Cesar: Maybe the therapy scene in way because it was really fun and we had so much freedom, but we had to be really aware of the blocking, because we could waste an incredible day if we were blocking ourselves.
Alejandro: That was really challenging, in that one because we were all in character, but I was sort of the one who starts asking questions and I was trying to improvise and bring things to the table and I would ask something and “Eva”. Maia was like, “No, I don’t like this game”.
Maia: I was so, not up for it. (Laughter). I think for me as a first time writer the biggest challenge was not being sure if the absurd and the extreme would work and trusting Jean and going on that journey with her was pretty awesome.
Brian: Where does the film title Original Sin come from?
Jean: That’s a great question, so obviously there is a biblical reference and for us we like the idea that the oldest triangle that has existed in history is the Genesis story of Adam, Eve, and the Serpent and a lot of people focus on the original sin being the first bight of the apple that Eve takes, but I think that Genesis, especially the Adam and Eve story is very complex and fascinating, because within that story there also is the blame game, when God comforts Adam, he’s like “Eve made me do it” or “My wife made me do it.” and she is like “No , its the serpent” and nobody is willing to take responsibility and that was a very fascinating aspect to us, so you will see in the story an element of that. Nobody is willing to take responsibility for their actions and also the rules that they follow.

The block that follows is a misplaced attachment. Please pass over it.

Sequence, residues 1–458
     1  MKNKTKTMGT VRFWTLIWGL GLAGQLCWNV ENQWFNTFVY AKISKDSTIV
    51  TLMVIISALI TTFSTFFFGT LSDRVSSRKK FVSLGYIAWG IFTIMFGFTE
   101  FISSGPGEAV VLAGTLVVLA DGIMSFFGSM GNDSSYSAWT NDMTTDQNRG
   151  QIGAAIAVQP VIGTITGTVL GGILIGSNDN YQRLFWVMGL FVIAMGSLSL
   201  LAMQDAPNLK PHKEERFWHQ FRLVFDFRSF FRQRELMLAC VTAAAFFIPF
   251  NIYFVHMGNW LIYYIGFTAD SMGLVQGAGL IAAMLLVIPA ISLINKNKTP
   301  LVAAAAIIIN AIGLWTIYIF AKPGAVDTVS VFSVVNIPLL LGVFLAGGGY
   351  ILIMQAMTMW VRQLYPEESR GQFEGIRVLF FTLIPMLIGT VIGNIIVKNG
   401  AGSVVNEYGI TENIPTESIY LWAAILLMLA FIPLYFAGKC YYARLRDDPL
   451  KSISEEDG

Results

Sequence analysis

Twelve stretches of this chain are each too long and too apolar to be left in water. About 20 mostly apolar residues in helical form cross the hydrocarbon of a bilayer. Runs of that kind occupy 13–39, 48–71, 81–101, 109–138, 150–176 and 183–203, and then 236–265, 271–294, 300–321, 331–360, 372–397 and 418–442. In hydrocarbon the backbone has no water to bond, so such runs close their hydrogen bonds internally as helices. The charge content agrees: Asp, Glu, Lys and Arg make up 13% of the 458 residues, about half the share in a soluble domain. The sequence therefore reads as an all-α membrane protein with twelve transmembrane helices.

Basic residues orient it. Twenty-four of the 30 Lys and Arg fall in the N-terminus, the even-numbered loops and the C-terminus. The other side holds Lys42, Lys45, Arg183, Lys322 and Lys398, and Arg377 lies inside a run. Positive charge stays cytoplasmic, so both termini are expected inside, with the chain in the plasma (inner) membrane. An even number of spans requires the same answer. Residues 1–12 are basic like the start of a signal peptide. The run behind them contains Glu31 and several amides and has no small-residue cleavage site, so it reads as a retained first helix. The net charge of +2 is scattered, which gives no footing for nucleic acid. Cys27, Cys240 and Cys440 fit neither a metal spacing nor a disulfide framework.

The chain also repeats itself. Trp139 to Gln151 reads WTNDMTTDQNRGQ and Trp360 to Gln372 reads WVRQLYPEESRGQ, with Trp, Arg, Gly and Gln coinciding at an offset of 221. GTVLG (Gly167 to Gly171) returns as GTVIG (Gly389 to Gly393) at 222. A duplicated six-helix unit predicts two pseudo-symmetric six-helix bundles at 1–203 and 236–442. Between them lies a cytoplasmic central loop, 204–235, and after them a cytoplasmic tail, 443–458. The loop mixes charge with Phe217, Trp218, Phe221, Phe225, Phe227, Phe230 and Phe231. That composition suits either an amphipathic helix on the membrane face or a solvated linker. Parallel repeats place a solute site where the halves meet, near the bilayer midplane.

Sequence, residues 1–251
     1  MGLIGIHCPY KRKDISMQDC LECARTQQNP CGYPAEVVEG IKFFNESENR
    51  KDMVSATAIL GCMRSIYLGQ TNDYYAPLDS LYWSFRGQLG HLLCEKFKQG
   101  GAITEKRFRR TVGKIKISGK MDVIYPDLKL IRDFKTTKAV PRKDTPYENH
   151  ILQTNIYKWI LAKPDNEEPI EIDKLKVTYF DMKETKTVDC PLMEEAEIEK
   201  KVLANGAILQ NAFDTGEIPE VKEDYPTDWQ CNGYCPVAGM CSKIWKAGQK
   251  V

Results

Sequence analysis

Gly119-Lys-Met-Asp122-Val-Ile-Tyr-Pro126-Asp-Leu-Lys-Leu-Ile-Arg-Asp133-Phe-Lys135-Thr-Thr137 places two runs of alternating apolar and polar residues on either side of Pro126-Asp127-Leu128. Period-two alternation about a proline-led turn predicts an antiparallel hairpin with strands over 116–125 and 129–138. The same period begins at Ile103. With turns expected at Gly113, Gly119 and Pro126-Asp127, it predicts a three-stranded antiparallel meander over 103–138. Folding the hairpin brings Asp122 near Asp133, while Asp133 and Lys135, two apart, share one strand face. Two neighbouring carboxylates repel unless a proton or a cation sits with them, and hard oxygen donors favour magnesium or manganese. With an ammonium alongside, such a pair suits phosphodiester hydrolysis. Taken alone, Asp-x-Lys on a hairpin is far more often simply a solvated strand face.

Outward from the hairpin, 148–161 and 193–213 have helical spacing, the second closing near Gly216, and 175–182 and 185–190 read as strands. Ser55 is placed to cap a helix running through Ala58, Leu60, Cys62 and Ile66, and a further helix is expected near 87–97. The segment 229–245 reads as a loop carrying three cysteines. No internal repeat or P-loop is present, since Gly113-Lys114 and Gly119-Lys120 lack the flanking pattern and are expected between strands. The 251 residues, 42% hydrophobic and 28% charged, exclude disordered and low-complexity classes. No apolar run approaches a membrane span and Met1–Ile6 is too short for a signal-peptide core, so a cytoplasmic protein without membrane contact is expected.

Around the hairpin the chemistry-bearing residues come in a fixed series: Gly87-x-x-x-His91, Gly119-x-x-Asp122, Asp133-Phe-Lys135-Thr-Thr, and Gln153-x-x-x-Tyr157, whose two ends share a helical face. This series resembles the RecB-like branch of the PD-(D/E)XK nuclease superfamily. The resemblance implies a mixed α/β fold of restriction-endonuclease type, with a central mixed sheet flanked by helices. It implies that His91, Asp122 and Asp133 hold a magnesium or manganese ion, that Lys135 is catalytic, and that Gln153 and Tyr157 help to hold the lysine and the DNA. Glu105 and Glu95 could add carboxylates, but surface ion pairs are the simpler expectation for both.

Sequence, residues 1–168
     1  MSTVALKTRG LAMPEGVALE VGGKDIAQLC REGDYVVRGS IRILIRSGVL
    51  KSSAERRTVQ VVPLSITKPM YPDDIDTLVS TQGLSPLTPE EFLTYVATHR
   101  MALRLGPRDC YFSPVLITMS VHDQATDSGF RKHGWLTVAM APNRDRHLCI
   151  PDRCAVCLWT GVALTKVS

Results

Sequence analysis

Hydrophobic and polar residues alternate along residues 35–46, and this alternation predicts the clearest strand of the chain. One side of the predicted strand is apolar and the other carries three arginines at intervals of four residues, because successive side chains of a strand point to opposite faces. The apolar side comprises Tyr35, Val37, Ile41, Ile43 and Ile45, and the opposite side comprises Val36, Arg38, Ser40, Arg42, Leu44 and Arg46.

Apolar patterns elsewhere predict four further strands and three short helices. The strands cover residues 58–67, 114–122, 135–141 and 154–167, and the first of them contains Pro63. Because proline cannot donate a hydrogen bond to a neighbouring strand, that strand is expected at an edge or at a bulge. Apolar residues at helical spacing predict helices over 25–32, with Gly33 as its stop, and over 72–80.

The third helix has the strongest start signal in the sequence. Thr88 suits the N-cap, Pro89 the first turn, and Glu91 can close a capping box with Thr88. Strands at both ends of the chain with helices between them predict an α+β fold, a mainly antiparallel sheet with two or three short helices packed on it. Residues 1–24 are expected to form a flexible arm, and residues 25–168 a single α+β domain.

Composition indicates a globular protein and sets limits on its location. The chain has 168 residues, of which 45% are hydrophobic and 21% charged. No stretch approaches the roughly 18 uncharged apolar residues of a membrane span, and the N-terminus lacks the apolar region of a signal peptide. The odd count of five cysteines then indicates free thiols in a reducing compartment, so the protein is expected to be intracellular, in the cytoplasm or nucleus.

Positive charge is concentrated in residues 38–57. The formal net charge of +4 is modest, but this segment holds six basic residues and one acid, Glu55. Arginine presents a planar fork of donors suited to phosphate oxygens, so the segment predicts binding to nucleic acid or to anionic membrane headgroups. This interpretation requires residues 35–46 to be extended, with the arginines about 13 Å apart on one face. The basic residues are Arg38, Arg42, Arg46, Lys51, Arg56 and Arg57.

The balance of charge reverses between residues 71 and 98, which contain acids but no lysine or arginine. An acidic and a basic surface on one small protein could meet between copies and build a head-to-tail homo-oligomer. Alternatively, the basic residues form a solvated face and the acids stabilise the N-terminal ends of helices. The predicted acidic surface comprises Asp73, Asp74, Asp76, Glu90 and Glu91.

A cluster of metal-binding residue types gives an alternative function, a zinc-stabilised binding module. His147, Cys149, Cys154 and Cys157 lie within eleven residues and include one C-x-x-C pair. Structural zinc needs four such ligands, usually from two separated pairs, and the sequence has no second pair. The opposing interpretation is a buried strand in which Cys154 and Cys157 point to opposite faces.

Maia: Also all that happens when a high institution come and that’s when you have to give an answer and you don’t want to take responsibility for any of your actions.
Brian: I also wanted to ask you about the score, as it seemed it was an integral part of the story as it seems each character had their own theme.
Jean: Yeah, so I really wanted to work with Arturo Cardelús, who is our amazing composer and he is just so brilliant and I don’t think he will mind me saying this, but he actually trained to be a priest before he became an artist and so you see that in his work. You see that he is divinely inspired almost, like his music is very huge in the sense that is makes you feel, you hear it and it impacts you spiritually so in that sense it was a real joy to work with him and he is very classical in his music. One of his biggest influences is Beethoven and so I wanted to play a little around with that, like his classical, rigid, traditional structure and how do we break it? So we thought about breaking it by making, for example, the soprano in the movie screech at some point and you here these rhythms playing against each other and in addition to this classical music we introduced flamenco and a little bit of salsa and the Spanish guitar. So you have all of these seemly conflicting sounds working so harmoniously together and so each character had also had a different style of music that represented them and that’s where Arturo and I started off. What is the instrument or style of music that represents “Eva” vs. “Adrian” vs. “Luis” and how can we make them work together, so that was really, really fun.
Brian: Yeah, I think it really added to the film in a lot of ways. The last question I wanted to ask was about the location, you filmed in a house for what I believe was twenty days?
Jean: No, it was two weeks for production.
Brian: How much did the location add to the story?
Jean: So we were in a unique position where because we had such a small budget, we couldn’t just set dress and get a set for out shoot. We had to choose a house with keeping in mind that we had limited resources in our ability to change it. So we did a lot of location scouting of big houses and we had to cheat L.A. for Spain. There was that element, we ended up finding this really beautiful house by the ocean that was actually Cecil B. Demille’s ex mistress’s home. (To everyone) How appropriate. (Laughter). So we walked into it and it looked like somebody had robbed a Catholic Church, if you look at all the furniture in there and it was so perfect in that way and in that sense I am just so grateful for how this film came together, just everybody working so hard, bringing everything they had to the table and those all adding up and creating this film that we would never had been able to make if we had just gone a traditional route.